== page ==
FTC alleges Amazon ‘tricked and trapped people’ with its Prime subscriptions

A dark van with the word "Prime" and the Amazon logo
The FTC is suing Amazon over its tactics involving Prime membership, which the commission says violate a 2010 consumer protection law.
(Gene J. Puskar / Associated Press)
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The Federal Trade Commission sued on Wednesday, alleging the e-commerce giant duped consumers into signing up for its Prime membership service and deliberately made it hard to cancel.

The FTC filed a lawsuit in federal court in Washington state claiming that Amazon’s website manipulates users into enrolling in Prime, for which subscribers pay $139 a year for privileges such as speedy free delivery, video streaming and access to 100 million songs. The FTC also alleged that the cancellation process for Prime is difficult to find and requires multiple steps. The agency said Amazon referred to the process internally as the “Iliad,” after Homer’s lengthy epic poem.

The agency has recently targeted subscription cancellations, proposing a rule in March that would require companies to make it as easy to cancel as it is to sign up.


Amazon has prioritized expanding grocery sales in recent years, but lately has been cutting costs companywide as online shopping growth slows.

Jan. 27, 2023

In its complaint, the FTC said consumers must click through five pages on the desktop web store or six on the mobile app to cancel Prime. It also claimed Amazon failed to turn over information sought by investigators, taking more than 18 months to produce materials the FTC sought.

The FTC said Amazon’s tactics violate a 2010 consumer protection law designed to protect online shoppers. The agency previously used the law to ding MoviePass and its former parent company, Helios and Matheson Analytics; Intuit’s Credit Karma; and Ericsson’s internet phone service Vonage over subscription auto-renewal and cancellation practices. Vonage paid $100 million to settle the FTC’s suit and Credit Karma $3 million to reimburse consumers.

“Amazon tricked and trapped people into recurring subscriptions without their consent, not only frustrating users but also costing them significant money,” FTC Chair Lina Khan said in a statement.

Amazon didn’t immediately respond to a request for comment.

Prime membership has been a key differentiator for Amazon, helping it convert occasional shoppers into loyal devotees who make the company their default choice when shopping online. Walmart, Amazon’s biggest competitor, launched the Walmart+ subscription in 2020 for $98 a year, offering many of the same benefits.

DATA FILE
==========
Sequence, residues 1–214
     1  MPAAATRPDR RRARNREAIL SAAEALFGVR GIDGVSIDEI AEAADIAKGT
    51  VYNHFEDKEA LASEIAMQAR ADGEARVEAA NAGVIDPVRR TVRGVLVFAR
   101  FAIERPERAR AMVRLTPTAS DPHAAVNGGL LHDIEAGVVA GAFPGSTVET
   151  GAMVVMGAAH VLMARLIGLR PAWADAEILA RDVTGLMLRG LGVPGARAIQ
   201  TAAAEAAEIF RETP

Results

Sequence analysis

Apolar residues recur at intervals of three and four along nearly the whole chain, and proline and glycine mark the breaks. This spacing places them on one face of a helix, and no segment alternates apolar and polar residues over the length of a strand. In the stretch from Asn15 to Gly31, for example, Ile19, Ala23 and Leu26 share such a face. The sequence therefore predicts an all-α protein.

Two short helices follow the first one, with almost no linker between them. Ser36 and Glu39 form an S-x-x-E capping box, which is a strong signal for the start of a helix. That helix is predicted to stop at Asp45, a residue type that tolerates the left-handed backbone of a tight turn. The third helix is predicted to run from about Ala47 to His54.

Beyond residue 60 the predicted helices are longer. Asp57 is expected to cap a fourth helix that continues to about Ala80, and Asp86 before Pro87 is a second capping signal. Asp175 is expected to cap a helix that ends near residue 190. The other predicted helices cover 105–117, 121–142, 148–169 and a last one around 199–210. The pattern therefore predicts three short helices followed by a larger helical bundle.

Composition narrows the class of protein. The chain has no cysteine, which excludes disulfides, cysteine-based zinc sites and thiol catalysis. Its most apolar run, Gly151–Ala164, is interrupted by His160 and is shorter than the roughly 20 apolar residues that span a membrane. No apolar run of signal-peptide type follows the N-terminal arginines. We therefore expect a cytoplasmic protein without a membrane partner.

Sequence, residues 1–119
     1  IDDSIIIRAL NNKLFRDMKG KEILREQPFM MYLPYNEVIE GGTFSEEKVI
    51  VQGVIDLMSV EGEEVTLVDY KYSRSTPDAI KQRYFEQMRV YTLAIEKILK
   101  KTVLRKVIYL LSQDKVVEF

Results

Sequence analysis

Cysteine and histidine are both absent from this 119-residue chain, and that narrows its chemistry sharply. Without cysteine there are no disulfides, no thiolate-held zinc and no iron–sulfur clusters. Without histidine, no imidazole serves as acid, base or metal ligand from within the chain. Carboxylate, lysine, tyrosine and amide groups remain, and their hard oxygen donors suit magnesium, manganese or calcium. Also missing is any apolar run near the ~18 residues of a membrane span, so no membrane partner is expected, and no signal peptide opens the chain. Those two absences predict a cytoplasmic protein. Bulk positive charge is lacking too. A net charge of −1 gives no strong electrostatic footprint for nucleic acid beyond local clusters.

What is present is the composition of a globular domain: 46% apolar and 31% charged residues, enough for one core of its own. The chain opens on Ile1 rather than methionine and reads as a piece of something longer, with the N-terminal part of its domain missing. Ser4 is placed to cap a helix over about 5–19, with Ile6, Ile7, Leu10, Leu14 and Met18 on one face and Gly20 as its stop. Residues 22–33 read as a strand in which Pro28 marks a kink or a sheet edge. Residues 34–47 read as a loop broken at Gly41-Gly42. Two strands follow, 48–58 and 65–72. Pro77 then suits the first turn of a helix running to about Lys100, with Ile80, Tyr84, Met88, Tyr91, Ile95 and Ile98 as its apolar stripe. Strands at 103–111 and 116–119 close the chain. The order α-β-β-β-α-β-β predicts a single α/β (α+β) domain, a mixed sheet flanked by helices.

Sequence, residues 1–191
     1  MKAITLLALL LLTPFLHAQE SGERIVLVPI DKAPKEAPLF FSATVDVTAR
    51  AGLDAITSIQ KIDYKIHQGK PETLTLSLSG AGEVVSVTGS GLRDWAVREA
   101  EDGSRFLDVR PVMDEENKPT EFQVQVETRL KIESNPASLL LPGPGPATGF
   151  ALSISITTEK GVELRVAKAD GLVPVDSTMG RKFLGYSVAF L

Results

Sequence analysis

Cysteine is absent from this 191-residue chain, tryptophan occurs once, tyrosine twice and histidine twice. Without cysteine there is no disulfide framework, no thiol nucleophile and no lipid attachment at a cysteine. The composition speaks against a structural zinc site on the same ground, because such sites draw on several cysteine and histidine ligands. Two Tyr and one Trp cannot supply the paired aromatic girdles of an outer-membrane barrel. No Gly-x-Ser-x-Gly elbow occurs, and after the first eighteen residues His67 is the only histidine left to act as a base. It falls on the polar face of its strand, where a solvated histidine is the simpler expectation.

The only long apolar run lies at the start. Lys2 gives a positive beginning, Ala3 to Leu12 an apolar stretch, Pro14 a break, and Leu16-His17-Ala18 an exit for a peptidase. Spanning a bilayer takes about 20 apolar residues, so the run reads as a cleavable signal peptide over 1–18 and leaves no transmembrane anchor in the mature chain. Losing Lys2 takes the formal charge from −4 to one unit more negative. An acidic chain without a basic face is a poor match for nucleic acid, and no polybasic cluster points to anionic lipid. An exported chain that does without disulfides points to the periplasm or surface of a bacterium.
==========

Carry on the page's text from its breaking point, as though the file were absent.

About 167 million Amazon shoppers had Prime memberships as of March, unchanged from a year earlier, according to Consumer Intelligence Research Partners. More than 90% of consumers who try a free 30-day Prime membership become paying members, according to the Chicago research firm.

Analysts say Prime membership has stagnated in the U.S. since Amazon boosted the annual price from $119, a sign that a subscription is less attractive to consumers struggling with stubbornly high inflation.


In the U.S., Prime members spend about twice as much on Amazon as non-Prime members. Amazon’s revenue from subscription services, which is mostly from Prime memberships, was $9.66 billion in the quarter that ended March 31, about 7.6% of its overall revenue for the period.

Amazon changed its process for canceling Prime subscriptions last summer after pressure from the European Commission and national consumer watchdogs. The company introduced a simplified two-click process.

The suit is the third the FTC has filed against Amazon in the last month. The company agreed to pay $30.8 million to settle allegations that it failed to delete data about children collected by its Alexa speakers and that its Ring doorbells and cameras illegally spied on users. Amazon said it disagreed with the FTC’s allegations but agreed to settlements to resolve the cases.